LOCATION: Haney’s Mill, Delaware Water Gap National
Recreation Area, New Jersey
ACCESSING THE TRAIL: Park in the small dirt lot just
south of the bridge over Flat Brook. You can see the Earthcache
location from the lot. Note: If you have a compass, bring it with
you. This is a popular fly-fishing spot; please be respectful of
your fellow outdoorsfolk.
A ROCKY RECORD OF ENVIRONMENTAL CHANGE
The presence of limestone at this Earthcache at Haney’s Mill,
not far from the sandstones and shales on neighboring Kittatinny
Mountain, is evidence of environmental changes that occurred in
this region over millions of years.
If you look up and to the west, you’ll see the crest and western
flank of Kittatinny Mountain. The rocks you see on Kittatinny
Mountain are older than the limestones in the outcrop in front of
you. The gray, white and red rocks on Kittatinny Mountain, called
sandstones and shales, formed from sediments that were deposited in
rivers and shallow marine environments. The light gray rocks where
you are standing, called limestones, formed under different
conditions, in the quieter waters of lagoons and intertidal
The gray sandstones are middle Silurian in age, approximately
430 million years old. They formed from quartz-rich sediments left
behind by fast-moving rivers that once flowed through the Taconic
Mountains. The Taconic Mountains were part of a mountain range that
once existed to the east and north of this site, but have since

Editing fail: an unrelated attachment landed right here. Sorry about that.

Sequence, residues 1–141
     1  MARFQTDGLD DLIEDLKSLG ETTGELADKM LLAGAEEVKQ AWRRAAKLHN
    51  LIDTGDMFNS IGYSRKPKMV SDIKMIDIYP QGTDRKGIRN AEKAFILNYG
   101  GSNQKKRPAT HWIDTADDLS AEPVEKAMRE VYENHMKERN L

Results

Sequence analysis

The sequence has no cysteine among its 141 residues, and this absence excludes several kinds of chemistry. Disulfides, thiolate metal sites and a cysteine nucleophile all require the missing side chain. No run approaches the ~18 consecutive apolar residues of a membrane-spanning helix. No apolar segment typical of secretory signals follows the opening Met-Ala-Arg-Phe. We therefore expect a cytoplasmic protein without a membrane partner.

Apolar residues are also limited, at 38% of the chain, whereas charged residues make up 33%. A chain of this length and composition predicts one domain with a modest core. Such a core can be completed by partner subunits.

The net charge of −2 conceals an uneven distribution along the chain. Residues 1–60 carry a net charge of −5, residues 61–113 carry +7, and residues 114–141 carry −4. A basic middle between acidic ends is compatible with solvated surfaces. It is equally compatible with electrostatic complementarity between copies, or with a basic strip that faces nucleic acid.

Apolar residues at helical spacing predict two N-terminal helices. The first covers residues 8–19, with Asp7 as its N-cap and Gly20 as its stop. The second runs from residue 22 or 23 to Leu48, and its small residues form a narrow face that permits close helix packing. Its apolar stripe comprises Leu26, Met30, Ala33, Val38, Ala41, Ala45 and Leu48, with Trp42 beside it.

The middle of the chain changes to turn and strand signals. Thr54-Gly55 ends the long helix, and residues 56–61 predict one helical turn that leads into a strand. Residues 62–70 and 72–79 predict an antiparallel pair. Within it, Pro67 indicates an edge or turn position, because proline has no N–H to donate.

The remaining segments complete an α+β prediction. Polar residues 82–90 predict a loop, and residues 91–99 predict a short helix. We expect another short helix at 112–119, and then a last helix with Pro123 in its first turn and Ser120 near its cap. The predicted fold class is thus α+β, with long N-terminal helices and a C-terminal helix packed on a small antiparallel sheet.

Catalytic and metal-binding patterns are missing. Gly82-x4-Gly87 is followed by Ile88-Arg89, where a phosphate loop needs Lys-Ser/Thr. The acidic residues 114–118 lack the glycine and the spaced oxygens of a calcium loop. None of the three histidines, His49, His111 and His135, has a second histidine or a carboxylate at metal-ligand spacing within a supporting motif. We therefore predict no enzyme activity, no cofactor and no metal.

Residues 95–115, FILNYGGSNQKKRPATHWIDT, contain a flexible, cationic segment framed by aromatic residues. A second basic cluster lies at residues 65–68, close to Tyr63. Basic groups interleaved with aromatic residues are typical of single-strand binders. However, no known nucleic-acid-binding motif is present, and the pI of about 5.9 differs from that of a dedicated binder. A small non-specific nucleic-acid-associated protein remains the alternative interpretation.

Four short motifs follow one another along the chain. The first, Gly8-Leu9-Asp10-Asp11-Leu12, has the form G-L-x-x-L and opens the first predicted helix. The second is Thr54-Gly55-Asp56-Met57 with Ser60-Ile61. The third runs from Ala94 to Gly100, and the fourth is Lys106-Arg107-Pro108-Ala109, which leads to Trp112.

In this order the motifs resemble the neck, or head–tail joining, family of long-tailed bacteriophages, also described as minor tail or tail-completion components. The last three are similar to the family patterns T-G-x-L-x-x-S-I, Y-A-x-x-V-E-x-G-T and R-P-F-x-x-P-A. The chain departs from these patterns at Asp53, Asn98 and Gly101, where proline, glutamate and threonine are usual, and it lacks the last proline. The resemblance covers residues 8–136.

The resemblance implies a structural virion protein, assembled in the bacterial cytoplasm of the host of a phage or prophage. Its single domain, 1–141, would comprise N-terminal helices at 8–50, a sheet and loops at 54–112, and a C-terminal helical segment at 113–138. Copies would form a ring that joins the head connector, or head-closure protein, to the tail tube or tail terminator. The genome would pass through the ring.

During the late Silurian Period, the mountains continued to
erode. In the west, sea level rose and the shorelines slowly
encroached across western New Jersey. By this time, the topography
was very gentle and the rivers flowed more slowly (perhaps like
southern New Jersey today) but with an eroding mountain range to
the east. The overlying (and therefore younger) red sedimentary
rocks called shales formed in this type of gently-moving river and
shallow coastal environment.
Over several million years, conditions changed, and the
environment became more tranquil. Slow-moving rivers carried less
sand and clay to the coast, and the coastal waters became clear.
Slowly the type of sediment that formed in the marine waters
changed from river-supplied sand and clay to limestone formed by
marine critters. Limestone generally needs clear and calm waters to
develop. The limestone rocks here at Haney’s Mill shows evidence of
this environmental change.
FOUR HUNDRED MILLION YEAR-OLD MUD CRACKS
The limestones are thinly-bedded to laminated (that is, even
more thinly-bedded), almost like the pages of a book. They are part
of what we call the Bossardville Limestone that is late Silurian
age, approximately 418 million years old. These limestones formed
in areas like a back lagoon or what we call the intertidal zone,
meaning between the tides. An intertidal zone is under water during
high tide but exposed during low tide.
One bed at this site
shows what happened when this type of lime sediment underwent
repeated drying and re-wetting. The lime sediments behaved
much like mud behaves in a dried-up lakebed or on many
construction sites. After a rain, mud will shrink as it dries,
and cracks will form. These cracks will meet and intersect,
forming polygons of uncracked fine-grained clay material. The
mud-cracked polygons can be many-sided but tend to form
rounded shapes without any preferred orientation. In this
case, the sediment was not clay but rather very fine-grained
Some of the layers
spent more time under water and less time above water, while a
few beds experienced more dry periods and periodic flooding
events. Here you can see a thick mud-cracked bed between two
thinly-bedded to laminated layers without mud cracks. This
shows that these three layers developed under different
environmental conditions. The uncracked top and bottom layers
were mostly wet; the mud-cracked middle layer was mostly dry.